Cambodia is especially active in providing its support to China. For the first time ever, the final document at the Forum of Foreign Ministers of ASEAN was not adopted in 2012, due to Cambodia, which disagreed with the resolution on China and the SCS.
It should be noted that, from the political and economic perspective, Cambodia is not the most powerful member of ASEAN. However, it hindered ASEAN from successfully adopting the joint anti-China resolution. This is because all ASEAN decisions are adopted by consensus, and if one state chooses not vote for a particular resolution, this automatically nullifies the decision by all the other states. Thus, every ASEAN member state has a leverage to influence the policy of the entire Association.
The ability of a member state to block any decision of ASEAN that is contrary to its own interests makes each member of the Association an appealing partner for different external powers seeking influence in the South East Asia. China and the US are competing for Cambodia and the other countries. The US position in the region is becoming increasingly precarious because it understands the importance of each new partner.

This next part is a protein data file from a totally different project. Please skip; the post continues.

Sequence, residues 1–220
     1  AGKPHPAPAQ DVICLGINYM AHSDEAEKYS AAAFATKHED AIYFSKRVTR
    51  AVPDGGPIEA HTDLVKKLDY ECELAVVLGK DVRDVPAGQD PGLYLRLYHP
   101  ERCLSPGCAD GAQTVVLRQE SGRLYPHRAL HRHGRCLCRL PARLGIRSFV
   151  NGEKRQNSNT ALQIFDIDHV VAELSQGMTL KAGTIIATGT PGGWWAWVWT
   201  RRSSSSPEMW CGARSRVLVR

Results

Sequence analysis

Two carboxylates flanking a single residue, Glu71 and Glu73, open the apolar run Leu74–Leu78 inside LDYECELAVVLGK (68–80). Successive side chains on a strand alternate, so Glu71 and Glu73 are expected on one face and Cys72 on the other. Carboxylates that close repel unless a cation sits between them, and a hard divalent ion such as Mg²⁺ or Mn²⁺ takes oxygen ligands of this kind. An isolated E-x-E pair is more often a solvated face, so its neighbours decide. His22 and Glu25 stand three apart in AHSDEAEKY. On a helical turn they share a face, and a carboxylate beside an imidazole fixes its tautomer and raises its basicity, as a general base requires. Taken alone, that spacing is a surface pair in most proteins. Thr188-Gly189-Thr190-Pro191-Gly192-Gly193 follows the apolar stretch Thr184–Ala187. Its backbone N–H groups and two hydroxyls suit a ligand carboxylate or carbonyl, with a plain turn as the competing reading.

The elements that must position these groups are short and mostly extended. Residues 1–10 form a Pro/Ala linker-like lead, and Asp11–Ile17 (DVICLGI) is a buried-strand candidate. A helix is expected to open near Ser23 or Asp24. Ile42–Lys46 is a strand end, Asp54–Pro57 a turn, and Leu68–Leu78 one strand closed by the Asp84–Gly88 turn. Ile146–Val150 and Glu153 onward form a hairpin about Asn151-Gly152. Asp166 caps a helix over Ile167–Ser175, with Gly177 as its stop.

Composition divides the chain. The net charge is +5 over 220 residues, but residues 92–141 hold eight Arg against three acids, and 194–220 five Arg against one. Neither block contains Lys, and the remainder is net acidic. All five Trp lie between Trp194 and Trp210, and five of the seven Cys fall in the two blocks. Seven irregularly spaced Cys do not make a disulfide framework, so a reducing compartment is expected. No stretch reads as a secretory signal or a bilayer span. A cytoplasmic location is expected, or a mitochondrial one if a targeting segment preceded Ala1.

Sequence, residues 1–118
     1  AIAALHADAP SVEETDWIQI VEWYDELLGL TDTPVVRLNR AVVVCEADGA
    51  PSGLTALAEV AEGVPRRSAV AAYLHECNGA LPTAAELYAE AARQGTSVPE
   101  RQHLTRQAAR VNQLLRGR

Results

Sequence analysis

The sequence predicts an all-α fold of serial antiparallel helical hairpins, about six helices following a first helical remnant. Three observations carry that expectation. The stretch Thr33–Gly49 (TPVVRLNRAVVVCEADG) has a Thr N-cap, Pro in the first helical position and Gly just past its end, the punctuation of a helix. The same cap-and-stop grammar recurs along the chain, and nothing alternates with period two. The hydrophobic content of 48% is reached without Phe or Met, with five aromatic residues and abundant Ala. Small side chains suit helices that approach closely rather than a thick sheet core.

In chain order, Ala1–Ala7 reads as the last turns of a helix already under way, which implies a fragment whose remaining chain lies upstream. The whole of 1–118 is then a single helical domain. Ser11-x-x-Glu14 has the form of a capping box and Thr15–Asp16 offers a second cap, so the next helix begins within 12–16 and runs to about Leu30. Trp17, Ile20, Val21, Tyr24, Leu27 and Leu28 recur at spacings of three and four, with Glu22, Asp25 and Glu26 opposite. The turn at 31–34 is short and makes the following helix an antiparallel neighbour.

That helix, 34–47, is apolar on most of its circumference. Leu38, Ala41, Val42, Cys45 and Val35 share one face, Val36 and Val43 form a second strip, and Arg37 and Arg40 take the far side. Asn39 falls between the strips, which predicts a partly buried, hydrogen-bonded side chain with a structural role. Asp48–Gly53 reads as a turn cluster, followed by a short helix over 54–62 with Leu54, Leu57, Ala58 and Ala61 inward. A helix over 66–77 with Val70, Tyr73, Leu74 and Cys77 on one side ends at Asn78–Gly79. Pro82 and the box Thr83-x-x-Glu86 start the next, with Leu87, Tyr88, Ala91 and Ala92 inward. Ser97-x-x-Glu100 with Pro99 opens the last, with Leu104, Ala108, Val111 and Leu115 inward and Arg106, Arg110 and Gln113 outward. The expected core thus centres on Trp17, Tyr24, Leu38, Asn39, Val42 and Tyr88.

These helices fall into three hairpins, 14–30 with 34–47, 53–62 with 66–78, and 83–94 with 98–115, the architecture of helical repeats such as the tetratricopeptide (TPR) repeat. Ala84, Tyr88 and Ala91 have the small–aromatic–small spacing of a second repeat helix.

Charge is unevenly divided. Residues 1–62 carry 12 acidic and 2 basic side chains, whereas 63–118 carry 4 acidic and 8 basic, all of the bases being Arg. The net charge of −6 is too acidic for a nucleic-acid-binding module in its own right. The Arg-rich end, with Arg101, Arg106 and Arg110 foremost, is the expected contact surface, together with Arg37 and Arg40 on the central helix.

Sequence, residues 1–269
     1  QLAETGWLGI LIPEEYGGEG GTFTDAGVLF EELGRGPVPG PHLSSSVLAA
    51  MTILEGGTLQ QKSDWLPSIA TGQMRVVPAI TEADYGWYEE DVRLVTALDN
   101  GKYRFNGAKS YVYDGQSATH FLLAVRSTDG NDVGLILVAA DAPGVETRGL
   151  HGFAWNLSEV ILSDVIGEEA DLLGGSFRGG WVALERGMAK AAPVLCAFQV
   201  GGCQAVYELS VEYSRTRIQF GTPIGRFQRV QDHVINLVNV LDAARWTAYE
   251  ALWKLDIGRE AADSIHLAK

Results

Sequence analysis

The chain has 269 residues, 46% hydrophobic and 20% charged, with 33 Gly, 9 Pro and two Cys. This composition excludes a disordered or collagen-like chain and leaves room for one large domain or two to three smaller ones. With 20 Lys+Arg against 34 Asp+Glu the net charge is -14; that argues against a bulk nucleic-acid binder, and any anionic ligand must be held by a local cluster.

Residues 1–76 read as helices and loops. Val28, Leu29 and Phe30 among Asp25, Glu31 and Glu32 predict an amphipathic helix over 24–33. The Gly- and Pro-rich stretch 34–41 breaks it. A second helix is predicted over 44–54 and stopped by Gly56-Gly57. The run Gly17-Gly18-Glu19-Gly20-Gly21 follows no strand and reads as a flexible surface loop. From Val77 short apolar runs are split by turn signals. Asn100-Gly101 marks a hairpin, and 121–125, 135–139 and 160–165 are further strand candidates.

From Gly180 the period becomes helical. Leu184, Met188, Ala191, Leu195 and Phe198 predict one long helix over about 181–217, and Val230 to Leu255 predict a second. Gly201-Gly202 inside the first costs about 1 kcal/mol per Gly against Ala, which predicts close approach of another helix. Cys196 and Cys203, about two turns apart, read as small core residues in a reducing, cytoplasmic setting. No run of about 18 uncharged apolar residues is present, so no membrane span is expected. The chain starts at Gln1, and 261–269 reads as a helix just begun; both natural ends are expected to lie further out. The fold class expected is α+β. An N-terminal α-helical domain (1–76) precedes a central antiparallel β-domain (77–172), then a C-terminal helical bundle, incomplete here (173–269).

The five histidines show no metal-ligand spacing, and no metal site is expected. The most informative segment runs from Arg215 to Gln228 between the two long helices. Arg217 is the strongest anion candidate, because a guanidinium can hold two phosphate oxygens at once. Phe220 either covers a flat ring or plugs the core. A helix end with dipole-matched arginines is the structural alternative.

In late January 2016, the US Secretary of State, John Kerry, visited Cambodia. He met with the Prime Minister, Hun Sen, and the Foreign Affairs Minister, Hor Namhong. The aim of Kerry’s visit was to convince the Cambodian leadership to join China’s opponents on the SCS issue at the forthcoming ASEAN+USA summit in the US city of Sunnyland in February. However, after the negotiations, Hor Namhong announced that Cambodia did not intend to change its position, and ASEAN should not interfere in the territorial disputes between certain countries. This statement is entirely in line with China’s opinion.